Age of Product’s Food for Thought of April 30th, 2017—shared with 7,968 peers—features two heavyweight agile champions on why scaling agile is futile. We also can confirm: the further east you go the less Scrum works. Sorry, we needed to address the elephant in the room.
On the product side, we dive deep into how to kill features and why this is important for any aspiring creator of a great product. (Spoiler alert: those embrace simplicity.) We also talk about the “cigarettes” of the B2C web industry, and what it takes to get ‘lean startup’ as a concept going in an enterprise.
Lastly: we learn about the unfortunate trend of creating local maxima due to a lack of long-term thinking. Enjoy Labor Day!
Age of Product’s Food for Thought of April 23rd, 2017—shared with 7,693 peers—celebrates lasagne from Colgate, pardon me: failure, and why C-level execs believe in big bang agile transitions. (Of course, we know they need passion from ones in the trenches, and Thoughtworks believes that, too.)
We then dive deep into the fetish of estimations, and why agile process-fetishists might turn the DoR into a stage-gate. (Sneaking in the dark side through the backdoor, so to speak.)
On the product side, we have another look at our nemesis, the sales team, and we learn why chefs supposedly make good product managers. Lean startup aficionados might enjoy the MVP, MMF, and MRF analysis.
Lastly: Up your game of convincing other people of your ideas with storytelling and learn right from the source.
Age of Product’s Food for Thought of April 16th, 2017—shared with 7,528 peers—enjoys in this issue lipstick agile, tragile, and wagile. Also, we learn why US-made tomato paste represents a success story for self-management aficionados, who – by the way – may soon be joined by venture capitalists like Fred Wilson.
We then dive deep into hands-on tips on how to improve distributed agile in general, and the remote product backlog refinement in particular.
On the product side, it is again all about product discovery, outcome vs. output, real-time, continuous user research, and how Jeff Bezos intends to keep Amazon relevant – by inventing on behalf of customers.
Lastly: If you haven’t yet contributed to the ‘Scrum Master Salary Report 2017’ hurry up and join 435 peers who already did so. And one more thing: We have a list of 400 Slack Communities. Just in case, you may free time at hands.
Age of Product’s Food for Thought of April 9th, 2017—shared with 7,402 peers—celebrates the 11th Annual State of Agile Report by VersionOne, despite the fact that it reveals a most unsettling news about SAFe.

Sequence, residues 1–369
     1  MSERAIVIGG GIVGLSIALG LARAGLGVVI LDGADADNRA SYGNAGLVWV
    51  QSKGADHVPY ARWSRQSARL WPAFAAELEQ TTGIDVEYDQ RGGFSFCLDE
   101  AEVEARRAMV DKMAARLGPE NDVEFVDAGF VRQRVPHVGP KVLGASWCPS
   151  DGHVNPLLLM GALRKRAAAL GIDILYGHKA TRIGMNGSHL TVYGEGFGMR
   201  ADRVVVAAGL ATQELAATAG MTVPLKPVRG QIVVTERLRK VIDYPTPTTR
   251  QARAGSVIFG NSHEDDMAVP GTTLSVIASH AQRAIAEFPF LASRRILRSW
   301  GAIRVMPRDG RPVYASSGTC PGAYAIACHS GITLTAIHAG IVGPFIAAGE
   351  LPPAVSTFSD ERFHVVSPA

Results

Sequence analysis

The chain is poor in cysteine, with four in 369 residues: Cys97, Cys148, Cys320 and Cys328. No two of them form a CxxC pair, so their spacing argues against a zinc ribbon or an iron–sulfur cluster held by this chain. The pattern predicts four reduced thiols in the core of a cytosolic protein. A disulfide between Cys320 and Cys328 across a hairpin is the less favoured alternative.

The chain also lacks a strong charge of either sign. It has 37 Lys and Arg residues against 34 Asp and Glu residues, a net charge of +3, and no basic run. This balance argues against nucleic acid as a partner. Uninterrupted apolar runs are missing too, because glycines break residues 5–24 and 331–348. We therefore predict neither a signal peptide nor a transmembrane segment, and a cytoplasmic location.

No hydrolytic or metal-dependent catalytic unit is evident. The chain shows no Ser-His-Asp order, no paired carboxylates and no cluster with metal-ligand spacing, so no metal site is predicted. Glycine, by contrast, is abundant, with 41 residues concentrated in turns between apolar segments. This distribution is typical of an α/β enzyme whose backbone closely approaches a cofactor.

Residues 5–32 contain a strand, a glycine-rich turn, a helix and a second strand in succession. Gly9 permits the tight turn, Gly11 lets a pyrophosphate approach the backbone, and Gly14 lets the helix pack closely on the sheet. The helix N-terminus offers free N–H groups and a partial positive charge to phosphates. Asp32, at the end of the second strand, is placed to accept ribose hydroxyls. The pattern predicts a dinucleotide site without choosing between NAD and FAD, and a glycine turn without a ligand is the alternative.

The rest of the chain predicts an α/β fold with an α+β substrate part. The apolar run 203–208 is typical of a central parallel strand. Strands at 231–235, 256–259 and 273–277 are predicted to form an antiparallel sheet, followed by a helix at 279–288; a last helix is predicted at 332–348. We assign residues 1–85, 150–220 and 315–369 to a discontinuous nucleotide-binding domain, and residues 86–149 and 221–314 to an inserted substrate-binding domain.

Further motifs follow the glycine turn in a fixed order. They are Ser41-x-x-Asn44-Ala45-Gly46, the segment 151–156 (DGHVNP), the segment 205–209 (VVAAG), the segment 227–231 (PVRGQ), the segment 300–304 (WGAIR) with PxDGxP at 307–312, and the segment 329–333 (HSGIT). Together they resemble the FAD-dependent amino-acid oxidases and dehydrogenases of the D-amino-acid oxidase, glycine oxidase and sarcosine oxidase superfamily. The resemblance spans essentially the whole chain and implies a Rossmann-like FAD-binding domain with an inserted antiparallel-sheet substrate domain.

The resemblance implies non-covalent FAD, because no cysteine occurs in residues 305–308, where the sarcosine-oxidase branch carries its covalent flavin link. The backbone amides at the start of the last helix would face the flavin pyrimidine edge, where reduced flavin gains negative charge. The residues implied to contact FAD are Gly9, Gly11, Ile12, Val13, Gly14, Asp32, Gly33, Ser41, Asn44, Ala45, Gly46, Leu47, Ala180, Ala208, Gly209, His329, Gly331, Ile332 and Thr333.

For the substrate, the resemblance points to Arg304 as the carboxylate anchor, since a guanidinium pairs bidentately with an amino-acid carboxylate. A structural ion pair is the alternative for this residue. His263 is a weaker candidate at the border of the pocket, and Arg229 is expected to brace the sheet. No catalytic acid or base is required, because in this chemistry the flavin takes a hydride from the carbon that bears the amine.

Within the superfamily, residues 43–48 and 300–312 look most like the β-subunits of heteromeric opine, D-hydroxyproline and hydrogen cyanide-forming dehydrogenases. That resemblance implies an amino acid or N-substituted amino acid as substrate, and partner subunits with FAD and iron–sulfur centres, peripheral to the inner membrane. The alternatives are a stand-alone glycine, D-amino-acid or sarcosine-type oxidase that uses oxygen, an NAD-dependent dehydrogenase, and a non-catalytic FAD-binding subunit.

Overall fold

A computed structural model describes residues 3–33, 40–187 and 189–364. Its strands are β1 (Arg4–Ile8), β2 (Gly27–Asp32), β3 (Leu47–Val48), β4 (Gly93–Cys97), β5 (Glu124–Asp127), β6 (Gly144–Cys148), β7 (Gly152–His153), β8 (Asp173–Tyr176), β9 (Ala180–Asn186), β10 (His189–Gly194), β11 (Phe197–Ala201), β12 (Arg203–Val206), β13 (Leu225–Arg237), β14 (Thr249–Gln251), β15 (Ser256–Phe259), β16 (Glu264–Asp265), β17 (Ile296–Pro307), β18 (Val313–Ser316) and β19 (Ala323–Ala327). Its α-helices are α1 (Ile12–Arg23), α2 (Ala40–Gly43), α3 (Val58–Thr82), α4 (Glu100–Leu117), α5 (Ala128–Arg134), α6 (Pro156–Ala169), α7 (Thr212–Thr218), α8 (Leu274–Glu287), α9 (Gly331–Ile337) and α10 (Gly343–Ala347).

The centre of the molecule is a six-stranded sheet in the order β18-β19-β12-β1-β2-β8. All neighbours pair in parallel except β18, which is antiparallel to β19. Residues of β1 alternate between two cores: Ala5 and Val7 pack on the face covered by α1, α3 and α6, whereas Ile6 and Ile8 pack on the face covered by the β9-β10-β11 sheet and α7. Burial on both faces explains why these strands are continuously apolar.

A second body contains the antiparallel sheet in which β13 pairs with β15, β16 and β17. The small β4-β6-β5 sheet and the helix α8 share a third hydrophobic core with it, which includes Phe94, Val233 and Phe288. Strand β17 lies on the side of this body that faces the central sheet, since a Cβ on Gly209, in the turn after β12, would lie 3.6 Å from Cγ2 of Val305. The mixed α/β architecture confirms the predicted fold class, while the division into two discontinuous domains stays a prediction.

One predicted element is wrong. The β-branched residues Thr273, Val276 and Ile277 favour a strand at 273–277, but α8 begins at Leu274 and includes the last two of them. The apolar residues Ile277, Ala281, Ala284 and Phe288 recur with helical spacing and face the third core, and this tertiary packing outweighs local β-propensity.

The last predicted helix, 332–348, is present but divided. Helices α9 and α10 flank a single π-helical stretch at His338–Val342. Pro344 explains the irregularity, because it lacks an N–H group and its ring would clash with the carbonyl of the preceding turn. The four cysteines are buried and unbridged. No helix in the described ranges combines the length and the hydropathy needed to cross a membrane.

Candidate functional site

We ask whether a scrum master should aim for putting herself out of a job, or whether having more than one team at a time is sustainable. We also learn how to support the product owner (and the team) in slicing user stories in the right way.
On the product side, this issue is all about dual-track agile, product discovery, early adopters, and getting the minimum viable product right. Okay, one for the road: ever heard about clarity metrics? Gotcha… 😎
Lastly: We risk a glimpse at the dark side of product design with Uber’s behavioral psychology experiments. Thank you, Travis!
Age of Product’s Food for Thought of April 2nd, 2017—shared with 7,272 peers—revisits the agile mindset, links to the best new podcast on agile issues in months and provides hardcore statistics and scientific proof that trust works and is essential for building an agile organization.
On the product side, Ellen Gottesdiener provides insight into the confusing discussion about the minimum viable product, we learn to identify anti-patterns that point at a dysfunctional product organization, and we breathe a sigh of relief: no coding required when you want to be a product mensch.
Lastly: We learn about Elon Musk’s passion for preventing humanity from falling victim to machine-learning overlords. (A good read if you’re struggling to understand the difference between the Terminator, and the narrow AI, that will put myriads of oncologists out of work.)
Age of Product’s Food for Thought of March 26th, 2017—shared with 7,083 peers—provides you with proven techniques to avoid “half-arsed” agile, draws the line between Scrum Master and Agile Coach, and invites you to listen to Hollary and Scrump. Yub, make Scrum great again.
On the product side, Melissa Perri helps you to identify crappy product management jobs in advance, and Marty Cagan gives away his favorite PM interview question. Also, Ideo shares six insights that help you crack innovation.
Lastly: We enjoy a two-hour long podcast on self-organization, empowerment, and entrepreneurship with Ricardo Semler & Mr. Ferriss. (Perfect for the gym, accounting, or cooking. I tried all three of those.)